Grace Hopper is perhaps the most well-known pioneering figure in computer science. She coded the first compiler and is known as the “grandmother of Cobol.”[i] Her vision and drive helped spur computer innovation farther than was thought possible, and led to technologies that even she could not foresee. Her ideal of making computer use easier and more intuitive to humans was carried farther than she could have imagined by technologies like those Andy Clark speaks of in Natural Born Cyborgs.
Grace Hopper graduated from Vassar with a bachelor’s degree in mathematics in 1928, and went on to earn her master’s degree and Ph. D. in mathematics from Yale.[ii] Afterwards, she started a career as a professor at Vassar, where she was known for her unusual interdisciplinary technique in teaching mathematics courses.[iii] She also took advantage of her position as a professor to audit classes in a variety of subjects in the arts and sciences.[iv]
During World War II, Hopper’s desire to contribute to the war effort and her background in mathematics led her to be assigned to the Mark I, one of the first computers, as a naval officer. The Mark I was a huge, clunky, mechanical machine that took input via long strips of paper with holes punched in them. It broke easily and was took a great deal of time to program and debug, though it was still faster than humans with slide rules.
Grace Hopper knew that the stuff inside our “biological skin-bag”[v] was fallible. Despite the power of the Mark I, errors frequently occurred because of the humans involved in the project. Those who actually wrote the code, such as Hopper, were prone to mistakes, and actually punching the holes in long strips of paper was an arduous task assigned to workers who did not actually understand the machine but had to follow charts provided by Hopper and the other coders.[vi] Hopper understood the inherent problems with Mark I and quickly developed coping mechanisms to deal with them. She used pen and paper, an older form of cyborg technology, to take notes on the unnaturally complicated hole-punched code, so she could easily check what each line meant if a correction needed to be made later on in the process.
Since Hopper knew that putting less stress on the human brain would lead to fewer errors, she saved subroutines—commonly used equations and other pieces of code—on the long strips of paper used to program the machine. Later, computers stored subroutines instead of people, using magnetized metal drums, mercury, or strips of magnetic tape, but there was still no easy way to combine the subroutines. The code itself was lines eight digits long, a binary of spaces that were either punched or solid, and was extremely impractical and difficult to understand. Hopper wanted English-based code that any English speaker could understand. (She also experimented with code in other European languages, but her employers at the time considered that impractical.) She also wanted the subroutines, now that they were stored in the computer’s memory, to be assembled by the computer, rather than by the programmer, a concept she called “compiling.” Both English-based code and compilers are now widely accepted standards, and make programming more intuitive and easier for everyday people to use.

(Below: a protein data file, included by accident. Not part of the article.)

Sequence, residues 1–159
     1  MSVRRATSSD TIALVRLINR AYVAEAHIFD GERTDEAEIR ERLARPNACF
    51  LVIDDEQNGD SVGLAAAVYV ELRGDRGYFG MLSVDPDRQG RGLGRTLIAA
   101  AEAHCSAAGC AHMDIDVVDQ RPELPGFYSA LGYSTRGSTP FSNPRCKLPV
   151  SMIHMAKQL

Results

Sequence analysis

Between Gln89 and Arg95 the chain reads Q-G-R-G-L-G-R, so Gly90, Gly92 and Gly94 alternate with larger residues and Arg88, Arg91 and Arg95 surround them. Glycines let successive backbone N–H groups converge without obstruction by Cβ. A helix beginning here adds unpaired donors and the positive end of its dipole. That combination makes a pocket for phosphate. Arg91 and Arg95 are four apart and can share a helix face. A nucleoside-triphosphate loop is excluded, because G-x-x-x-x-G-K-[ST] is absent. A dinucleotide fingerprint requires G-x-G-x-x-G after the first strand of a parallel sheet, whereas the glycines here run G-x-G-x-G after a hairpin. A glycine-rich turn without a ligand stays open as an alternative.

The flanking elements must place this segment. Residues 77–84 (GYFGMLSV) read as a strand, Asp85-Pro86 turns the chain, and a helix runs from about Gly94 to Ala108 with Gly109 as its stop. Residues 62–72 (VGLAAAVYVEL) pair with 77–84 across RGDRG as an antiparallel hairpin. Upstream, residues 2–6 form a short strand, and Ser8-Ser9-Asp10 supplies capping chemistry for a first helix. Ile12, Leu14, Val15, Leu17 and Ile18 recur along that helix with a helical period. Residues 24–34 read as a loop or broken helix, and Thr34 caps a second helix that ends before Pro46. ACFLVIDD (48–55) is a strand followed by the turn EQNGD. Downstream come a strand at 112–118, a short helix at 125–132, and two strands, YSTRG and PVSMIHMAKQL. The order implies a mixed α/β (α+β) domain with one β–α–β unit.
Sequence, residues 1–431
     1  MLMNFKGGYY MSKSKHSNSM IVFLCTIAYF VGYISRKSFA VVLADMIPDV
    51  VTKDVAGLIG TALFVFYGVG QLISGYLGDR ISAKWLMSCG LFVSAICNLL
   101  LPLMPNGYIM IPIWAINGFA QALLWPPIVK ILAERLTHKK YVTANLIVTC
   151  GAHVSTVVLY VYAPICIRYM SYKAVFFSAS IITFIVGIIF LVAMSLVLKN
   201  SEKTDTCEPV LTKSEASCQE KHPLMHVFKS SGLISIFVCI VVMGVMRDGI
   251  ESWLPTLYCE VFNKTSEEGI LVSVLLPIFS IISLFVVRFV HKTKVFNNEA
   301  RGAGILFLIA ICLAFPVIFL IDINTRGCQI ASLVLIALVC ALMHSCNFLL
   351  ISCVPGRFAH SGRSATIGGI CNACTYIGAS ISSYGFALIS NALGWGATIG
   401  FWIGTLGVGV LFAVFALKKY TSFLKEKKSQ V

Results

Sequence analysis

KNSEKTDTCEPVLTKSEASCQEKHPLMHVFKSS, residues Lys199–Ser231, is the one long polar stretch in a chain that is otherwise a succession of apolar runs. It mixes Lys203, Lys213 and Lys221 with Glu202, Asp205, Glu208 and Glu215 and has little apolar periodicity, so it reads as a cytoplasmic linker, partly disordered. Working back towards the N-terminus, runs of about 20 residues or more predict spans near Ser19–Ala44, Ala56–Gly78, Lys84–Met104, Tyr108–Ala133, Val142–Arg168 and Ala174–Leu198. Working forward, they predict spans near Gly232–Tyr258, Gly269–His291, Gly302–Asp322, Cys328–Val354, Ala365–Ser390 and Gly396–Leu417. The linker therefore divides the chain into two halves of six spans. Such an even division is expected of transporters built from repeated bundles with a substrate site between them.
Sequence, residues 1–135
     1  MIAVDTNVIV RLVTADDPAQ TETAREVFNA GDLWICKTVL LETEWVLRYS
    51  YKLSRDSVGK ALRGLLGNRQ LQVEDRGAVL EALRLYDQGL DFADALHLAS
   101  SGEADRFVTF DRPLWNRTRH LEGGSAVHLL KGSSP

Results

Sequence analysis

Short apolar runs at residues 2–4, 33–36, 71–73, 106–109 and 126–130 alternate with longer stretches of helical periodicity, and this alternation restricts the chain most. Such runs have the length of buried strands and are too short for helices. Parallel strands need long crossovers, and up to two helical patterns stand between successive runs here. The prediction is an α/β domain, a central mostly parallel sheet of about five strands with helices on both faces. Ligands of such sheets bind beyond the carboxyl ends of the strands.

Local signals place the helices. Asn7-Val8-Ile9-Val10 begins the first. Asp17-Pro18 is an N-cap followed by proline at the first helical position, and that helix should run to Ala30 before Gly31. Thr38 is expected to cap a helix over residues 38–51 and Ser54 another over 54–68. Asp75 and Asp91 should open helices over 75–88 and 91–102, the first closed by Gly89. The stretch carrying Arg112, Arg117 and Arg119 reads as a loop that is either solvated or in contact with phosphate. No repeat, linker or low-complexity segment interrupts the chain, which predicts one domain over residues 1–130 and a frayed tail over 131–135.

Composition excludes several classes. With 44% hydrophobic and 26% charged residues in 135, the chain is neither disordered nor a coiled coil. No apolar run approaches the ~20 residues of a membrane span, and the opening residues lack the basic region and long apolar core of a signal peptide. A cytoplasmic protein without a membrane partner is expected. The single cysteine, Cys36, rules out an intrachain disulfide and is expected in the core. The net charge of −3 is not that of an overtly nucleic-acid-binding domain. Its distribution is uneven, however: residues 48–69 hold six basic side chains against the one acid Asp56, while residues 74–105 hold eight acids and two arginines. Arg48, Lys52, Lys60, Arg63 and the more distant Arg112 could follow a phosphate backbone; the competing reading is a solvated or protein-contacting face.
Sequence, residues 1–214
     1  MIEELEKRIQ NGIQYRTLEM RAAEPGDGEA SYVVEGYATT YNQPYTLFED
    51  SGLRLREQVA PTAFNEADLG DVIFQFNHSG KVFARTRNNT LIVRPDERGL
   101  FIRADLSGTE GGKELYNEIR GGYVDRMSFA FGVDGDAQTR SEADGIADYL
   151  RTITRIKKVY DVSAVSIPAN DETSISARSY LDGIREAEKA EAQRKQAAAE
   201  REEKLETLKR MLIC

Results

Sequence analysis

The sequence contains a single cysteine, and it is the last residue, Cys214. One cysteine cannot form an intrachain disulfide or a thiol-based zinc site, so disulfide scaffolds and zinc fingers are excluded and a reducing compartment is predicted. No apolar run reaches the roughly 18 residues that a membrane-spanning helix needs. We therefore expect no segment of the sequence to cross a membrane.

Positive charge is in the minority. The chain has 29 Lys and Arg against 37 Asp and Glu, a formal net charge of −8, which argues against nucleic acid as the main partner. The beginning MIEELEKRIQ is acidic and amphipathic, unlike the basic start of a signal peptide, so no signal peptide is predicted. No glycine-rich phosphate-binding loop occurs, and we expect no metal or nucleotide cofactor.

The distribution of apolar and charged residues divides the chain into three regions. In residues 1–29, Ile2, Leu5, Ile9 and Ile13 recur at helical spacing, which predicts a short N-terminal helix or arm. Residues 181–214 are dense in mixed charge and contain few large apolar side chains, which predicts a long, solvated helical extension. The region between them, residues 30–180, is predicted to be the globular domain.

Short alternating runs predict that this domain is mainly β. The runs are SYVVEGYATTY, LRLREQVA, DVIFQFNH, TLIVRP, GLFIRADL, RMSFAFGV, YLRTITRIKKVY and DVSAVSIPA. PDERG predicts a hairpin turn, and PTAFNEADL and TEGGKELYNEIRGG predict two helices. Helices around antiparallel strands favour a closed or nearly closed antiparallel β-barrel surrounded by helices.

Andy Clark, in his work Natural Born Cyborgs, is very interested in the idea of the cyborg as an aspect of human’s use and adaptation of tools. Of particular interest in his work is the budding technology used by Stelarc, a performance artist who uses a robotic arm “indirectly controlled by neural signals from [his] brain.”[vii] Though this technology seems strange to us even in this technological age, it can be viewed as a part of a natural progression, from the aid of pen and paper and slide rule, to the clumsiness of the Mark I, to computers that take input in English words, to computers that are easy enough for a three-year-old to use , to devices that take only a thought. And Grace Hopper, thought she did not work alone, broke one of these first barriers to human’s use of the computer.
Grace Hopper not only passed down tangible ideas such as compilers, but more abstract ideas about the possible nature of human/computer interaction. She believed that computers should be easy and intuitive to use. She could not have imagined computers that could cause mechanical movement in the way that Clark describes. When people doubted that computers could understand words in English, why would they have thought that the machines could interpret signals directly from the brain? Computers were envisioned as something for businesses and government agencies to use, not something that anyone could turn on and use, not something that would be a household item, and certainly not something that could be incorporated into a human being’s body.
Grace Hopper took the first, unthinkable steps towards making computers something that a human could interact with without an intermediary. She took two ideas that people saw as impractical or impossible and made them possible and practical. She saw the need and capacity for human cyborgs as Andy Clark envisions, and helped make it possible.
[iii] Beyer, 27
[iv] Beyer, 27-28
[vi] Beyer, 56-57
[vii] Clark, 119